Risk factors for rejection and infection in pediatric liver transplantation.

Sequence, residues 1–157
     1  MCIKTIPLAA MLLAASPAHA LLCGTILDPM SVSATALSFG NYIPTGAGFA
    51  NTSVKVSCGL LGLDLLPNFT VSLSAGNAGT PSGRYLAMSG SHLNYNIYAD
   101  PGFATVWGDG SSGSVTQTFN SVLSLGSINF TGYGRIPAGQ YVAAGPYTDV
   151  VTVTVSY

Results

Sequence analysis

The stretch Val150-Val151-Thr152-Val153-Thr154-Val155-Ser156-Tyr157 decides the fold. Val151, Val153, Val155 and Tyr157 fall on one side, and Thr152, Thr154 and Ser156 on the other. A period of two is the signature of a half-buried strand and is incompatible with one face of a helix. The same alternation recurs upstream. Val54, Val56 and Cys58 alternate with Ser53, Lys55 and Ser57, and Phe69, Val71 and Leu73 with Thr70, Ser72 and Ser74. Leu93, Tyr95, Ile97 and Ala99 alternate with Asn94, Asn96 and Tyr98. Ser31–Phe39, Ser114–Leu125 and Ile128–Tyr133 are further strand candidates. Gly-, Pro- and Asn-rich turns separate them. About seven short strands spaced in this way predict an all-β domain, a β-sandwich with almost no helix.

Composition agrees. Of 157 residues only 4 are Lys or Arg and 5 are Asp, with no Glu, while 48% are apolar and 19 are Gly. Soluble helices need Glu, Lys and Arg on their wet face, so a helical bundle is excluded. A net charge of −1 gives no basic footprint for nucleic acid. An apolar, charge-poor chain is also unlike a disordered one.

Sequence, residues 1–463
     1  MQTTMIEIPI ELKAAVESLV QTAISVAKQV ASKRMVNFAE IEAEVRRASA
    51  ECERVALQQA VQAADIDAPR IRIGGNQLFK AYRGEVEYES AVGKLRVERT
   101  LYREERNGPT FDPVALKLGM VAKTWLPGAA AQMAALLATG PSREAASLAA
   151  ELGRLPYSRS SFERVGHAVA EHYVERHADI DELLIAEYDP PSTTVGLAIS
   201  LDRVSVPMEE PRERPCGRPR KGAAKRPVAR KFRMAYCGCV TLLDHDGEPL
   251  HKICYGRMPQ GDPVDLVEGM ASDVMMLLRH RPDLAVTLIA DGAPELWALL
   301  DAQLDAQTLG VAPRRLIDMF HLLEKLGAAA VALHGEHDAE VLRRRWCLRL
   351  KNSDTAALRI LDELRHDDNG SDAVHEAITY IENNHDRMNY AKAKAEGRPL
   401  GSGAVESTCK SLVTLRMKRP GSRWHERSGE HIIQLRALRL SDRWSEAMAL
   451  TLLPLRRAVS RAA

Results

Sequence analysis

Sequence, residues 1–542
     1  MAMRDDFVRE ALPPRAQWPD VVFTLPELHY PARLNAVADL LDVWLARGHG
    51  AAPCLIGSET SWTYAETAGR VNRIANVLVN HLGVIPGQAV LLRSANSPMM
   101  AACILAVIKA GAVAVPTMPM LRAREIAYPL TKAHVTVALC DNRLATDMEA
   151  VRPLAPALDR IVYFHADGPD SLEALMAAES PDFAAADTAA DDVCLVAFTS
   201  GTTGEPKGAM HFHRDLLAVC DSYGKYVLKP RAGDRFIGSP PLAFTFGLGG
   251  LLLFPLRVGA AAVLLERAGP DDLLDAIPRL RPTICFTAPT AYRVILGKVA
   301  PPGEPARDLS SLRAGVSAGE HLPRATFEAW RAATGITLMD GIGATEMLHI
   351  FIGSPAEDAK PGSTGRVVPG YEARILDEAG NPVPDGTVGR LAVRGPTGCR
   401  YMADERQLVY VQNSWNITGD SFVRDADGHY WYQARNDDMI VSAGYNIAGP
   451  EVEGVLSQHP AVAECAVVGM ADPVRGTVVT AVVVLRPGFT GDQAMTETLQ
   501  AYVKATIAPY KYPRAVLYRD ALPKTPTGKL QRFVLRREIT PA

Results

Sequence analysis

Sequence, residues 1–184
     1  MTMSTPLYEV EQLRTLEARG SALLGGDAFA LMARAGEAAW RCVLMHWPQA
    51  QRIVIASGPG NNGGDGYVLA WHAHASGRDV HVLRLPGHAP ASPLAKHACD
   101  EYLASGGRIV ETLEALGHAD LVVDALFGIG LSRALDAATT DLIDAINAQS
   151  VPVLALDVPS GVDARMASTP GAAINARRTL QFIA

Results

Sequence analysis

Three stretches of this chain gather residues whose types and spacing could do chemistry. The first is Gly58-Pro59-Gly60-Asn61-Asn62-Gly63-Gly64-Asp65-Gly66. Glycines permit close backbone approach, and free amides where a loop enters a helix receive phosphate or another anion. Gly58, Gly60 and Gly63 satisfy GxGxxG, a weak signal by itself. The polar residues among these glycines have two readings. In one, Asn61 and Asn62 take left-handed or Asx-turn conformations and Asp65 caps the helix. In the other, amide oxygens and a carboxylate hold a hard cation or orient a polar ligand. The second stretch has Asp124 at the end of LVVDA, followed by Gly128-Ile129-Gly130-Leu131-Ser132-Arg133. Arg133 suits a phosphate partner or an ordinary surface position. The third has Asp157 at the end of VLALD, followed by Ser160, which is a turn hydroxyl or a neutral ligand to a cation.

Rejection and infection are important adverse events after pediatric liver transplantation, not previously subject to concurrent risk analysis. Of 2291 children (<18 years), rejection occurred at least once in 46%, serious bacterial/fungal or viral infections in 52%. Infection caused more deaths than rejection (5.5% vs. 0.6% of patients, p < 0.001). Early rejection (<6 month) did not contribute to mortality or graft failure. Recurrent/chronic rejection was a risk in graft failure, but led to retransplant in only 1.6% of first grafts. Multivariate predictors of bacterial/fungal infection included recipient age (highest in infants), race, donor organ variants, bilirubin, anhepatic time, cyclosporin (vs. tacrolimus) and era of transplant (before 2002 vs. after 2002); serious viral infection predictors included donor organ variants, rejection, Epstein-Barr Virus (EBV) naivety and era; for rejection, predictors included age (lowest in infants), primary diagnosis, donor-recipient blood type mismatch, the use of cyclosporin (vs. tacrolimus), no induction and era. In pediatric liver transplantation, infection risk far exceeds that of rejection, which causes limited harm to the patient or graft, particularly in infants. Aggressive infection control, attention to modifiable factors such as pretransplant nutrition and donor organ options and rigorous age-specific review of the risk/benefit of choice and intensity of immunosuppressive regimes is warranted.